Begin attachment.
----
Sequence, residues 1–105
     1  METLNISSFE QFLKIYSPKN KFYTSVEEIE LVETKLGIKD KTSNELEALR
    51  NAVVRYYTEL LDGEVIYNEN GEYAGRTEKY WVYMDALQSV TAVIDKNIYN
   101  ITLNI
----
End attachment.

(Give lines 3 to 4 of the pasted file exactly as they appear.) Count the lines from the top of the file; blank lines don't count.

    51  NAVVRYYTEL LDGEVIYNEN GEYAGRTEKY WVYMDALQSV TAVIDKNIYN
   101  ITLNI